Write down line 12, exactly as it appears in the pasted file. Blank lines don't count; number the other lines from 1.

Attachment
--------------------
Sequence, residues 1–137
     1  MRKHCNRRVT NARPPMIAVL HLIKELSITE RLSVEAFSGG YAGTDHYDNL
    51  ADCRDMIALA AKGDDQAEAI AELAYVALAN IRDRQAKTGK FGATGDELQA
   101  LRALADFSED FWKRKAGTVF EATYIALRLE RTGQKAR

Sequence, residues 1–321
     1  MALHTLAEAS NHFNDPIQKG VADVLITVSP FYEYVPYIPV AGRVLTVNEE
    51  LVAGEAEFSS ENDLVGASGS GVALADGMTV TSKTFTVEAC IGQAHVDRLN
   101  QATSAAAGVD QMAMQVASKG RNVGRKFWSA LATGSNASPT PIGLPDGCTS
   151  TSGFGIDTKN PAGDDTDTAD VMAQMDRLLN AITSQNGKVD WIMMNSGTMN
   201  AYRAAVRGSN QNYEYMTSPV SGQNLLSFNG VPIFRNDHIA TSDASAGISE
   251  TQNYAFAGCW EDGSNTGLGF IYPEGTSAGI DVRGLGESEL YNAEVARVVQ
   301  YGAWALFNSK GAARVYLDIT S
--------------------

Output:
   301  YGAWALFNSK GAARVYLDIT S